Italian fashion through the ageâ€™s, part 2
Just a teeter across the cobbles from the Spanish Steps from the Sorelle Fontana atelier is DalCoâ€™, the high-end female-owned shoe makers where the cobblers are still at work in a tiny, glue-stinking atelier filled with the lasts of the rich and famous, a few doors down.
Still a thriving business making hand-made shoes at a fraction of the price youâ€™d pay for an off-the-shelf number with red soles, DalCoâ€™ whipped up exquisite footwear for the likes of Bridget Bardot, pictured in the tiny boutique holding up a dangerously high-heeled shoe. They had a contract with Valentino, making all his shoes, and have donated a pair of boots â€“ Edwardian-looking in suede and patent leather â€“ made for Princess Lee Radziwell, the society queen sister of Jackie O to the V&A exhibition.
La Dolce Vita was a giddy time in Rome, one that the city has never really moved on from. It canâ€™t quite seem to get over the idea of Liz Taylor and Ava Gardner running around in sexy, figure-hugging outfits designed by the Sorelle Fontana and Fernanda Gattinoni, who also designed the costumes for Audrey Hepburn in King Vidorâ€™s War and Peace – one of which appears in the exhibition – single-handedly bringing back the empire line, and Albertina, whose knitted coats (so 60s and yet so now!) are still available in a funny old-fashioned boutique over on the Via Lazio.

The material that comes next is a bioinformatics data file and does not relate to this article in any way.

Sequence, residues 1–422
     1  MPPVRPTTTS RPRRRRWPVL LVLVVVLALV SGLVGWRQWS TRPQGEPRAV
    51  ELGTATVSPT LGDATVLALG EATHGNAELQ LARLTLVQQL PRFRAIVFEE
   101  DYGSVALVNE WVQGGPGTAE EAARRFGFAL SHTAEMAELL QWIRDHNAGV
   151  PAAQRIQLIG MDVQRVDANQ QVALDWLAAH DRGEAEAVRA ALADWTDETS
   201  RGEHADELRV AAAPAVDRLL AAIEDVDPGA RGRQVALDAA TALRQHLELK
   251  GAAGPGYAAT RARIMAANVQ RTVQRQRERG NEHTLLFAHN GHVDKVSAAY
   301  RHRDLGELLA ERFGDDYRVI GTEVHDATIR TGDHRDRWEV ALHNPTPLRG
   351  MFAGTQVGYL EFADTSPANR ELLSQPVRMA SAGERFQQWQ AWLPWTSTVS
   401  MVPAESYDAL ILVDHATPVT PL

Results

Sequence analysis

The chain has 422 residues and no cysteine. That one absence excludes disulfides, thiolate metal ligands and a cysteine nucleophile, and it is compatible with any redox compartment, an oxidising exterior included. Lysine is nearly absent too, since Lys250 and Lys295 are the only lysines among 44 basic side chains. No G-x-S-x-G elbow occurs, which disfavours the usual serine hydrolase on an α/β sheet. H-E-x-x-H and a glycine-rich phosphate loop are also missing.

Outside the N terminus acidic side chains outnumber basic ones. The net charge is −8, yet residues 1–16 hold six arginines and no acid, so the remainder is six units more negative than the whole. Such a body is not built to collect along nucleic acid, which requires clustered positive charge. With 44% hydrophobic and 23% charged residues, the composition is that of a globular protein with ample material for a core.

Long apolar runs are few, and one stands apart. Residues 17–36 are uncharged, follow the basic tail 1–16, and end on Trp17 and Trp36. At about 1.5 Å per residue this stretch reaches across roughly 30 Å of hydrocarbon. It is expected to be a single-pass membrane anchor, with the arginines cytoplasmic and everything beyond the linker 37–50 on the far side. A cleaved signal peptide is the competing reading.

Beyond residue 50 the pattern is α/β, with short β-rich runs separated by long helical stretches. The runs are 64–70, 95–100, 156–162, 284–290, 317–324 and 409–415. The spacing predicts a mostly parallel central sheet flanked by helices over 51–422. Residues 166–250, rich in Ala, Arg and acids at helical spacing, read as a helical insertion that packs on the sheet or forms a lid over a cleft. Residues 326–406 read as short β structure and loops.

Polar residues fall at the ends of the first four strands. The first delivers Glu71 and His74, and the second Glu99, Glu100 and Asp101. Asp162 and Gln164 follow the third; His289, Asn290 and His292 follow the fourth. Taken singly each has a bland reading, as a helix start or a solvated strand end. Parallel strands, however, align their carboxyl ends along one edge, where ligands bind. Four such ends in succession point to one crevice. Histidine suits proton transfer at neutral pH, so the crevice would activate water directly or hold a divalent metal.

Designers like Gattinoni, who made dresses for Princess Diana, still kits out the super-rich to this day: in the upstairs workrooms hand-made wedding dresses costing tens of thousands of Euros take shape where Elizabeth Taylorâ€™s bum used to be padded and where Ingrid Bergman was brought for fittings by her lover Roberto Rosselini. And though these little artisans, most of them with samples of their work not only in the V&A exhibition but in the permanent collection at New Yorkâ€™s Museum of Metropolitan Art, are still going concerns, the big, bad machine of Italian fashion is very much in Milan these days and has been for years.
Bulgari, however, which was acquired by that fashion behemoth LVMH a few years back, is still proudly Roman, with the impossibly glamorous Creative Director Lucia Silvestri working at a table laden with priceless jewels at Bulgari HQ right by the Tiber and workshops setting stones by hand on the outskirts of town.
So, where do gay men fit into this Italian fashion industry seemingly run by women?
â€œVersace brought his sexuality into his fashion but the others were very reserved,â€ says Enrico, who has a bit of a soft spot for Versace and for fellow gay designers Dolce & Gabbana. â€œTheir clients were more straight than gay,â€ he goes on. â€œWhich is interesting because their aesthetic is definitely more gay than straight.â€